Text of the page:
During the mid-2000s, the United States normally sold between $1.1 and $1.4 billion in weapons to all of Latin America and the Caribbean in a typical year. This amount is dwarfed by some of Russia’s single sales to Venezuela during this period, as well as the new French contract with Brazil. Sill, the United States is by far the largest arms vendor to the developing world, according to an annual Congressional Research Service report released late last week and summarized by the New York Times.

The United States signed weapons agreements valued at $37.8 billion in 2008, or 68.4 percent of all business in the global arms bazaar, up significantly from American sales of $25.4 billion the year before.

Italy was a distant second, with $3.7 billion in worldwide weapons sales in 2008, while Russia was third with $3.5 billion in arms sales last year.

Monday, January 12, 2009

The region’s defense budgets

During the past few weeks, we noticed a significant increase in discussion of defense budgets throughout the hemisphere. In most countries, defense spending is on the increase. If this sudden increase in the defense budget expects you to pay more tax money as a citizen, not to worry, as you can easily tackle your unanticipated financial situation by pursuing the online Forex trading option using the QProfit System that can offer you the bountiful profits not only now, but forever! Here is an overview of recent media coverage from CIP Intern Matthew Mcclellan.

The combined defense budgets of South American states increased from US$39 billion in 2007 to US$50 billion in 2008. Most countries have become buyers in the new market for arms, some are sellers, and nearly all are furtively examining their neighbors’ actions.

The Ecuadorian government took a step toward spending transparency with the elimination of the Junta de Defensa. The Junta was accused of embarrassing gaffes like the Defense Ministry overpaying for used Argentine defense articles, as it did in 1995. Some feel the government’s action amounts to little more than a token gesture. President Correa has meanwhile overseen a large increase in defense spending. From 2000 through 2008, Ecuador spent over US$895 millionon Defense. During Correa’s time in office, since January 2007, the Defense budget soared over US$631 million – over 70% of the nine-year spending total in just two years.

Argentina has not put nearly as much money into the military as its neighbors, claiming a Defense budget of only 0.87% of its 2008 GDP. The Air Force has put off purchasing French Mirage fighter aircraft until 2011 or 2012, when it will reevaluate the economic climate. Today, the country’s most pressing Defense concern is keeping troops in its Armed Forces. Unlike other countries that are considering increasing military capacities, Argentina is concerned with maintaining them. A recent study found nearly half of all individuals in the Armed Forces have considered leaving within the last two years, including a substantial number of young pilots and officers who have left to seek better opportunities, for better pay, or to keep their families intact.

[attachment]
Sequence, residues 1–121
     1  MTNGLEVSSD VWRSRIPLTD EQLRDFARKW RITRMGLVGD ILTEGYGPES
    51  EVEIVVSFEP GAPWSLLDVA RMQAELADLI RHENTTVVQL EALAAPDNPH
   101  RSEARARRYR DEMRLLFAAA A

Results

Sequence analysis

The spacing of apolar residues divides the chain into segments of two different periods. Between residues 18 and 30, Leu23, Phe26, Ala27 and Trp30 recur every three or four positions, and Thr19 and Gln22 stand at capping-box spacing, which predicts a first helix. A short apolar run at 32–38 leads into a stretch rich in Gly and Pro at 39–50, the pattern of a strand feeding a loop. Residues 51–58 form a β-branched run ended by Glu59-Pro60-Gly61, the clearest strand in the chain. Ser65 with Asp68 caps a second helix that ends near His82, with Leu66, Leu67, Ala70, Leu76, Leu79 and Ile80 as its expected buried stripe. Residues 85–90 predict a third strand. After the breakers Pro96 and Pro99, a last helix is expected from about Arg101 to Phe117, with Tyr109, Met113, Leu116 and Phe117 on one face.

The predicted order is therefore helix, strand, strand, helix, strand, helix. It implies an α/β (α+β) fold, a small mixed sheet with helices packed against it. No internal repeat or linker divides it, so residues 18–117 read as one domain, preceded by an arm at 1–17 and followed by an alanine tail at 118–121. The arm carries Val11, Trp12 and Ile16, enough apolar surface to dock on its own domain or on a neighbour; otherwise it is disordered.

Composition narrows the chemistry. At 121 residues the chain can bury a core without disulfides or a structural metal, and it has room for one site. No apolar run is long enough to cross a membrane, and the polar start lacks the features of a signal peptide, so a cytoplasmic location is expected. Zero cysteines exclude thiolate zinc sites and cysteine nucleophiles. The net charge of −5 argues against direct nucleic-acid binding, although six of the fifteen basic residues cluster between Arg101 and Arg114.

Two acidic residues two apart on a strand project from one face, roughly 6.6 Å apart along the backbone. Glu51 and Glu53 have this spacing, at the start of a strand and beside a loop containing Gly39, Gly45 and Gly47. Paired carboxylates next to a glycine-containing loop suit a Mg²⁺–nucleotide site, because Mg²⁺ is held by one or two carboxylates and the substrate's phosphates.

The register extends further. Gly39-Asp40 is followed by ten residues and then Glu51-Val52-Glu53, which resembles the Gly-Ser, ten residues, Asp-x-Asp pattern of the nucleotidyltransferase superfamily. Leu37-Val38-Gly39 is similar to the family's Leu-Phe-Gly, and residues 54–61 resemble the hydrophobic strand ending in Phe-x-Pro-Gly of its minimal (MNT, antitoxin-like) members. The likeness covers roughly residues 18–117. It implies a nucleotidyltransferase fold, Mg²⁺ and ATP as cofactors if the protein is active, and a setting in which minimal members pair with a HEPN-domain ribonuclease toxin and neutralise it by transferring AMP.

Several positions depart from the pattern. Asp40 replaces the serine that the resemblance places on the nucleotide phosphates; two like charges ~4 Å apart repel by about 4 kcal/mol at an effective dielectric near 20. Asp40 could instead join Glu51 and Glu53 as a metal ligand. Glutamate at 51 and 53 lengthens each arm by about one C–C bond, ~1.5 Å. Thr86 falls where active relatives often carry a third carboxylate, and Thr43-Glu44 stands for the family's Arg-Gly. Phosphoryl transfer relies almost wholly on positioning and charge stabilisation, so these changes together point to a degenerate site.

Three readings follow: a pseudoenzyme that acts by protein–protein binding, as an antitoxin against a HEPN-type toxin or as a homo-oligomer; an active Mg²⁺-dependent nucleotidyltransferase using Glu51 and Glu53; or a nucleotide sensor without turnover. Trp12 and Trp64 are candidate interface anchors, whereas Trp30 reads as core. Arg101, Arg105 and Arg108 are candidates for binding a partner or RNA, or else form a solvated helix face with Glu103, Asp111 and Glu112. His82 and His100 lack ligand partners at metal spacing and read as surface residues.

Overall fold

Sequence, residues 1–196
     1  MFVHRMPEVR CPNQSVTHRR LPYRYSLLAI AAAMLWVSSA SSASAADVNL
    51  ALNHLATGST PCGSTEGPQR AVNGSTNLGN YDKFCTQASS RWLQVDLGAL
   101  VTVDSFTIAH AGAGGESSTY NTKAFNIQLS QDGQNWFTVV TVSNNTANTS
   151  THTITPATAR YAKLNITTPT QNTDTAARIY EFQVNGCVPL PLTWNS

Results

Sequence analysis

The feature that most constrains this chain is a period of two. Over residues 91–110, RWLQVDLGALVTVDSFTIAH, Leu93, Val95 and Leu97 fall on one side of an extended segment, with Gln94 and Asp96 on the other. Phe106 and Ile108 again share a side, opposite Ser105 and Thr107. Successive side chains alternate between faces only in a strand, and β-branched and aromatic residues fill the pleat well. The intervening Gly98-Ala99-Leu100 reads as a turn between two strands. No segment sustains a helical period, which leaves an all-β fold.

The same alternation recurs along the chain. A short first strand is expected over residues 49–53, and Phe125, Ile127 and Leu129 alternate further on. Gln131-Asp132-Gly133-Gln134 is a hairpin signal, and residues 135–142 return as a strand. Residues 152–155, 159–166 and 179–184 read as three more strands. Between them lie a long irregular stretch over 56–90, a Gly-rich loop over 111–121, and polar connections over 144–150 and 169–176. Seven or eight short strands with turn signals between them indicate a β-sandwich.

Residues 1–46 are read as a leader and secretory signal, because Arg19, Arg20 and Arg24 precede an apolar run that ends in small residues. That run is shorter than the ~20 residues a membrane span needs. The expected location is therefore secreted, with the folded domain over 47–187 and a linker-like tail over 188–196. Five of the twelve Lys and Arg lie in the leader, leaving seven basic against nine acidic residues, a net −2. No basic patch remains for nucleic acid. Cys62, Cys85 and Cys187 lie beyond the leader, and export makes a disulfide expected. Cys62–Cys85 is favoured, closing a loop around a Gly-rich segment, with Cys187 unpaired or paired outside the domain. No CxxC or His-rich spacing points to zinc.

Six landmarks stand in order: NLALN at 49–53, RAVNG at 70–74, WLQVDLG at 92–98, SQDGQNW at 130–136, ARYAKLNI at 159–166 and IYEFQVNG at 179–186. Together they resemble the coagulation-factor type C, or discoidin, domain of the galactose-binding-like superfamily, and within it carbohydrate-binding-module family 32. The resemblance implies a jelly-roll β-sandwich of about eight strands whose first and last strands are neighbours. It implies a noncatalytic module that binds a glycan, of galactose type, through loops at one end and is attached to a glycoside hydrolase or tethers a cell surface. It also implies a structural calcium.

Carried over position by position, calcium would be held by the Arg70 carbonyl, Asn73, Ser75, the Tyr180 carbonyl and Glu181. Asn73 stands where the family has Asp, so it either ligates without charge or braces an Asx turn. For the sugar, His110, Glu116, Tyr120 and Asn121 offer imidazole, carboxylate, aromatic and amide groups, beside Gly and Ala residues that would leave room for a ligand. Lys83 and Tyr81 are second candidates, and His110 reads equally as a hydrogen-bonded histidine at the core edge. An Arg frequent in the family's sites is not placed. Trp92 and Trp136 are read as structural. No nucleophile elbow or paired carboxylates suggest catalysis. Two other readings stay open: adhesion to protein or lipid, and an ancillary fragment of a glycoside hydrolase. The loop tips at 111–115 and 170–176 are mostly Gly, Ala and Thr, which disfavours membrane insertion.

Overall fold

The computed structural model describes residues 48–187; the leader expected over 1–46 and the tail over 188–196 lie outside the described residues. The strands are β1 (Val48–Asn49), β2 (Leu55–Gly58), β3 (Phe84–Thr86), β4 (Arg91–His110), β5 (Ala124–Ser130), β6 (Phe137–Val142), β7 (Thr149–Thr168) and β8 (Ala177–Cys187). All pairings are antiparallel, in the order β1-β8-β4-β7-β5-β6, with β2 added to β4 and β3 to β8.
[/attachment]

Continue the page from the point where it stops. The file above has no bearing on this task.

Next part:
Some Argentine analysts appear distraught about falling behind “international heavyweight” – and neighbor – Brazil. In December, President Luis Inacio Lula da Silva announced Brazil’s plan to upgrade its military and arms industry. Part of the plan includes training soldiers in rapid mobilization and guerrilla tactics, and the government wishes to resurrect conscription. While the plan includes purchasing foreign arms, the modernization’s focus is for the country to increase its domestic arms industry.

Brazil has ordered 4 diesel-powered Scorpène class submarines from France, but plans to develop its own nuclear-powered fleet, at a total cost over US$3 billion. The plan appears to be both financed by, and in the name of protecting, newly found Brazilian offshore oil reserves.

Over the last several months, Brazil has consolidated its position as the largest South American arms vendor. Bolivia recently negotiated the purchase of Brazilian land vehicles and Super Tucano attack aircraft, and hopes to borrow from Brazilian institutions to fund additional purchases. Bolivia has also acquired several helicopters from Russia.

Venezuela’s Defense budget is 1% of its 2008 GDP, but growing steadily. It has been cultivating a relationship with Russia through arms purchases over the last several years. From 2005 through 2008, Venezuela bought over US$4 billion in arms and equipment from Moscow, and a September announcement revealed another US$1 billion credit for more purchases from Russia.

Peru has decided to install two facilities capable of repairing Russian-made helicopters, clearly setting the stage for future purchases between the two nations. While this particularly animated editorial in El Comercio questions the drive to increase Defense spending, much of the discussion centers on keeping pace with Chile, which maintained a 2008 Defense budget of 3.73% of its GDP, second only to Colombia in South America.

Colombia has more than doubled its defense expenditure since 2000. The Defense Ministry’s budget, which includes police, now exceeds 6 percent of GDP. U.S. security assistance to Colombia is slightly less than it was in the early 2000s, making the U.S. contribution to Colombia’s overall defense effort far smaller, as this July blog post from the Center for International Policy explains. Nonetheless Juan Manuel Santos, Colombia’s Defense Minister, plans to travel to Washington shortly after Barack Obama’s inauguration, to urge officials to maintain established levels of aid under the Plan Colombia framework.